Compared to most other budget airlines, Ryanair provides very limited compensation in the event of flight cancellations, despite the EU regulations. Typically, Ryanair will only provide a replacement seat on a later Ryanair flight (which can depart up to 3 days later than the original flight), or a full refund of the single journey price. Alternative travel arrangements and accommodation are not normally provided by Ryanair. Passengers wishing to return on the same day are normally forced to purchase a new non-advance ticket with a different airline, which can far exceed the price of the original ticket. Therefore, it is advisable to obtain insurance against flight cancellation when travelling with Ryanair.

Also bear in mind that since October 2009, Ryanair is very strict about checking in online and printing your boarding pass at home. You will be charged with a £40/€40 issuing fee if you do not have your boarding pass with you. You must have deposited any checked-in luggage no later than 40 minutes prior to the scheduled departure time. When flying with Ryanair it is advisable to get to the airport early as bag drop desks (as Ryanair terms them) can often have long queues.


airberlin is Europe's third largest low-cost airline and the second largest German carrier. It offers a huge network between Germany, Austria, Spain and other regions around the Mediterranean Sea like Greece, Tunisia and Egypt as well as throughout most European countries like France, Italy, Russia and Scandinavia. airberlin also offers some long-haul flights, for example to New York, Bangkok and Dubai.

Tickets start from €44,99 one-way including all taxes and fees, free beverages, snacks, sweets and newspapers aboard and up to 20 kg checked baggage. They can be booked one-way at no penalty. Connecting flights via their hubs in Düsseldorf, Berlin, Nuremberg (all in Germany) and Palma de Mallorca (Spain) or Munich are also available.

Some flights, especially from and to Austria, are carried out by their partner NIKI. airberlin joined the oneworld Alliance in spring 2012. Therefore other codeshare partners are American Airlines or S7 Airlines.

Other low cost airlines

There are 62 low cost airlines in Europe, and this number is rapidly changing. Here are a few of the biggest, grouped by their base country.

Baltic states








Western and Central Europe




Czech Republic






France and the Benelux







Greece, Turkey and Cyprus






Norway, Sweden, Denmark

Based outside Europe


Asia & Australia

Low cost airline hubs

If you cannot find a direct flight with a low cost carrier, it may be necessary to change flights at a low cost airline hub. Make sure you leave plenty of time for connections, as you will not be refunded if you miss a flight. It may be sensible to stay overnight in a city near the hub to be sure you won't miss the flight.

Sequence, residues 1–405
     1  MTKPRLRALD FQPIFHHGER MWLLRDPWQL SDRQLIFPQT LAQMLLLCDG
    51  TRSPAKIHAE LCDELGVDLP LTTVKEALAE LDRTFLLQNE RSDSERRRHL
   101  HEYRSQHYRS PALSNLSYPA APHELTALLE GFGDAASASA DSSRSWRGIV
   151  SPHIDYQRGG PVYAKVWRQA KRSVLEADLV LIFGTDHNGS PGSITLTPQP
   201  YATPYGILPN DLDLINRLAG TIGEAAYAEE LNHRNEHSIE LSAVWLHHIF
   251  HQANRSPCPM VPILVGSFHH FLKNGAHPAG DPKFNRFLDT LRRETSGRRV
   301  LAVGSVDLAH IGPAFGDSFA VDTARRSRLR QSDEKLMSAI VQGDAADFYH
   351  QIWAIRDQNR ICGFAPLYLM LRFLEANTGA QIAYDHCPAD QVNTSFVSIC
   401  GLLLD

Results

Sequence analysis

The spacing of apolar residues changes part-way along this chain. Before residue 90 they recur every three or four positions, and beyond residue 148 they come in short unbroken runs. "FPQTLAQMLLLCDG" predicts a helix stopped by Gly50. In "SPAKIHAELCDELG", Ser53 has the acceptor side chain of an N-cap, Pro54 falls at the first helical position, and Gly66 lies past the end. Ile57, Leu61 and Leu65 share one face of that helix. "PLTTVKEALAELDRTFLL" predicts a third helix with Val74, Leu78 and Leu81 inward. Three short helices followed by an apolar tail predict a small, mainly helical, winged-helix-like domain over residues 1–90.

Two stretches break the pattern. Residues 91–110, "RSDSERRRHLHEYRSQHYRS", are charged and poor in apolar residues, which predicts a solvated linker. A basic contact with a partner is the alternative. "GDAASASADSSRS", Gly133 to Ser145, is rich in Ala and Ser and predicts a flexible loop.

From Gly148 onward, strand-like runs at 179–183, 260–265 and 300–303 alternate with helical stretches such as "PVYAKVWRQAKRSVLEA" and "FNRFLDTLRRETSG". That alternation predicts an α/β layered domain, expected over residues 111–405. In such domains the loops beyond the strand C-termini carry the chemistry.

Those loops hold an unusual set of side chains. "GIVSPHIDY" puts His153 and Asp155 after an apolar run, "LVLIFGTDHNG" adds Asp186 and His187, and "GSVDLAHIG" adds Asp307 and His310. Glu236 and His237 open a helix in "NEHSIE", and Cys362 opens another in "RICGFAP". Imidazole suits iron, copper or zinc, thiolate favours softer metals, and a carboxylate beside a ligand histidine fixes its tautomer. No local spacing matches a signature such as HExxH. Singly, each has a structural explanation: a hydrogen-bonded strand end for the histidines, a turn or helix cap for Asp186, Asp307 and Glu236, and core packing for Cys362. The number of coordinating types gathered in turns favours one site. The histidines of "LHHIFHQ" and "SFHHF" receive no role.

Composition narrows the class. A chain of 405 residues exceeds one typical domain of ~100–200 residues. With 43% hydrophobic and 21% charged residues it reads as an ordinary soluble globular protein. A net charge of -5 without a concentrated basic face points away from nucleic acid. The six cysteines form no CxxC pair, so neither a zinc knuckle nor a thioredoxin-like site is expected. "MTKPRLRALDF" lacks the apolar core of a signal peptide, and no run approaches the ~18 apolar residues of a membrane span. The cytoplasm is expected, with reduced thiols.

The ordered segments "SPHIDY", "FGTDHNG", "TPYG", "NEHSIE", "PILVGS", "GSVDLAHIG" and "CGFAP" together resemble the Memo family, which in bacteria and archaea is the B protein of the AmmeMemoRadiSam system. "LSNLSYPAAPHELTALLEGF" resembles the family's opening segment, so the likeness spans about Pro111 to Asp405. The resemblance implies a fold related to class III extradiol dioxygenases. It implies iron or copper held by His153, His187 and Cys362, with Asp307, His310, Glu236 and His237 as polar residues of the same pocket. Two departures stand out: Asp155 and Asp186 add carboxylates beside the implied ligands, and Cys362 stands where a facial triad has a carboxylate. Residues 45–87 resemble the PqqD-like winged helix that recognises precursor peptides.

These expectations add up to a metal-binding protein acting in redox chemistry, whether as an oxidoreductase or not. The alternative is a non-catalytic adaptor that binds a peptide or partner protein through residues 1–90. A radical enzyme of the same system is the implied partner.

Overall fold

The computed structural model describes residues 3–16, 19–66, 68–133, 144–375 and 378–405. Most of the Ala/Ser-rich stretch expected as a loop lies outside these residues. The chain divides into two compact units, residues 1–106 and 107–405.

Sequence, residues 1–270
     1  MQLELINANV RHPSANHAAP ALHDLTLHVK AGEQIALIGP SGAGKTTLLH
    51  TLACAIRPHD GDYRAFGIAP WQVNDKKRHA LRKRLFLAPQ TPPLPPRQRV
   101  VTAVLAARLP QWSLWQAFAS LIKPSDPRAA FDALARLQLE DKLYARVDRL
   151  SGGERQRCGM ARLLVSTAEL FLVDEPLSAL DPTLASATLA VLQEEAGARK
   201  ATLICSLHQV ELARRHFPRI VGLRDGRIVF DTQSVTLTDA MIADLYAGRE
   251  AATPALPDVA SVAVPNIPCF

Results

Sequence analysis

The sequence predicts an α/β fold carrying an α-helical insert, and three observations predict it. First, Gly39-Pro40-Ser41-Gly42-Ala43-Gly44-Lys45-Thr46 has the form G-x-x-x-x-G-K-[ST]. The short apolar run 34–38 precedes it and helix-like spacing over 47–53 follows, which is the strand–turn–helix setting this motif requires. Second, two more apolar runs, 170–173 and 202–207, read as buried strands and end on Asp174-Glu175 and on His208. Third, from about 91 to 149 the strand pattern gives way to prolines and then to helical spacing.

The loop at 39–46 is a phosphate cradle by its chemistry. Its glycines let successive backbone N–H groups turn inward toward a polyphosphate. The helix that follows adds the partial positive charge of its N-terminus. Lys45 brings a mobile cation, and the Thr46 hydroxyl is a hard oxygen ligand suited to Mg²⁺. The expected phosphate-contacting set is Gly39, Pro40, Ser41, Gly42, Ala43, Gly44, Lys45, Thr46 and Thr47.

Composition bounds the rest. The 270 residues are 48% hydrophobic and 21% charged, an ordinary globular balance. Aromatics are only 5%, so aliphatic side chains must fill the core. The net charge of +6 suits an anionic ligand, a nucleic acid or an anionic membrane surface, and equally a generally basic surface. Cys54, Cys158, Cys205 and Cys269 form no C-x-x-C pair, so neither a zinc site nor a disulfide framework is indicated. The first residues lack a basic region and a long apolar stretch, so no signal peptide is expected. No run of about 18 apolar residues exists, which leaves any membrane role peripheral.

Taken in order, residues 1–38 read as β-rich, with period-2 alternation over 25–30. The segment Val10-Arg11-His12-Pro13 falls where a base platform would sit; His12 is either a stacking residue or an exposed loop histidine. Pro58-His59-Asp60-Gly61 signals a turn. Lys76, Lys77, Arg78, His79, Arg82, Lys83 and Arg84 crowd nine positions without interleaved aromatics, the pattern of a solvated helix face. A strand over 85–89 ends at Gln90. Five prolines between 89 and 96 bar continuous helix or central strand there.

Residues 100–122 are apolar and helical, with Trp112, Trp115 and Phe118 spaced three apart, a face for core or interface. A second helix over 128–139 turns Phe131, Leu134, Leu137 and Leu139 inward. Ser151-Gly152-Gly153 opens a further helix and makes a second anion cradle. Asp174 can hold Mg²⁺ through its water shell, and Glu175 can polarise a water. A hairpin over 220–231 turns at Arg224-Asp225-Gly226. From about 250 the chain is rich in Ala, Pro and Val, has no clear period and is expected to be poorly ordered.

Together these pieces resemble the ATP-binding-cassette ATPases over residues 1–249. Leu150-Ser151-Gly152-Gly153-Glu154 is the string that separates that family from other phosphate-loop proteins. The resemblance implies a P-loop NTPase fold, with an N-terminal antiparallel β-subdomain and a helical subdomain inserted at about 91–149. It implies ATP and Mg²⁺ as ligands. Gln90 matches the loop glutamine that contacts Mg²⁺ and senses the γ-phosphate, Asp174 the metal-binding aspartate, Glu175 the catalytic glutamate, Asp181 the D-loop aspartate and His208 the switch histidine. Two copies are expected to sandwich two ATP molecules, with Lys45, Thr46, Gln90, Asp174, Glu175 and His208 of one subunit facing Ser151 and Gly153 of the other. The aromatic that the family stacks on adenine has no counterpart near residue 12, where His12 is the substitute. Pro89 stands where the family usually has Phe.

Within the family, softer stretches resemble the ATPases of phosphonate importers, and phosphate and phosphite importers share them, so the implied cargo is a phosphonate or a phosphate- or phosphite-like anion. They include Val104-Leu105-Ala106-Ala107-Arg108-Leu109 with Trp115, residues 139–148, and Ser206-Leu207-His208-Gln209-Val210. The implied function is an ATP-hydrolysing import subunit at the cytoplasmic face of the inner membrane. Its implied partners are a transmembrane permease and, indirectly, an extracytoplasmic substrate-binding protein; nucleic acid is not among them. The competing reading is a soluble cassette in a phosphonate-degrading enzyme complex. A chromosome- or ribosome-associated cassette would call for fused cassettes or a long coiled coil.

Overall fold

List of low cost airline hubs

Airport name (airport code) Low cost airlines Local cities
Alicante (ALC) Monarch, Easyjet, Air Berlin, FlyBe, Ryanair, Thomas Cook, Jet2, Thomson Airways, transavia Alicante, Barcelona
Amsterdam Schiphol (AMS) Easyjet, transavia, Blue1 Amsterdam, Haarlem, Leiden
Barcelona (BCN) Monarch, Vueling, Easyjet, Thomson Airways, tuiFly, Germanwings, Jet2 Barcelona, Alicante
Orio al Serio Airport (Bergamo - BGY) Ryanair, My Air, Alitalia, BMI Baby, and many others flying Europe-wide, see Milan
Berlin Schoenefeld (Brandenburg - SXF) Easyjet, Ryanair, tuiFly, Condor Berlin, Potsdam
Berlin Tegel (TXL) Germanwings, tuiFly, transavia Germanwings, Berlin
Bratislava Ivánka (BTS) Danube Wings, Ryanair, Sun D´Or Bratislava, Vienna
Brussels (BRU) Brussels Airlines, Sterling, Blue1, Condor, Jetairfly, Thomas Cook, Brussels
Budapest (BUD) Wizz Air, EasyJet, Ryanair, Jet2.com, AerLingus, Germanwings, Air Berlin, Norwegian Air, Transavia, Volotea Budapest
Cologne/Bonn (CGN) Easyjet, Germanwings, tuiFly, Wizz Air Cologne, Bonn
Dublin (DUB) Ryanair, Blue1, FlyBe, Germanwings Dublin
East Midlands (EMA) Ryanair, bmi Baby, Jet2, Thomson Airways Nottingham, Leicester, Derby, Peak District
Hamburg (HAM) airbaltic, Blue Wings, Brussels Airlines, Easyjet, FlyBE, Germanwings, Hamburg International, Intersky, norwegian.no, Pegasus, TUIfly, Hamburg
Liverpool (LPL) Easyjet, Ryanair, Flybe, Wizz Air Liverpool, Manchester, Preston
London Luton (LTN) Monarch, Easyjet, Ryanair, Flybe, Thomas Cook, Thomson Airways, Wizz Air Luton, London
London Stansted (STN) Easyjet, Ryanair, Kibris Turkish Airlines, Norwegian.No, Germanwings, Atlantic Airways, Blue1, AtlasJet, Transavia, Fly Niki Cambridge, London
Malaga (AGP) Monarch, easyJet, Ryanair, Thomsonfly, Flybe Malaga
Munich (MUC) Easyjet, Brussels Airlines, tuiFly, HapagLloydExpress, German Wings, Blue1 Munich
Paris Beauvais (BVA) Blue Air, Ryanair, Wizz Air Paris
Paris Charles de Gaulle (CDG) Easyjet Paris
Pisa (PSA) Ryanair, Easyjet, tuiFly, Wizzair Pisa
Reykjavik (KEF) Iceland Express Reykjavik, Keflavic
Stuttgart (STR) tuiFly, Condor, Germanwings Stuttgart
This article is issued from Wikivoyage - version of the Monday, February 15, 2016. The text is available under the Creative Commons Attribution/Share Alike but additional terms may apply for the media files.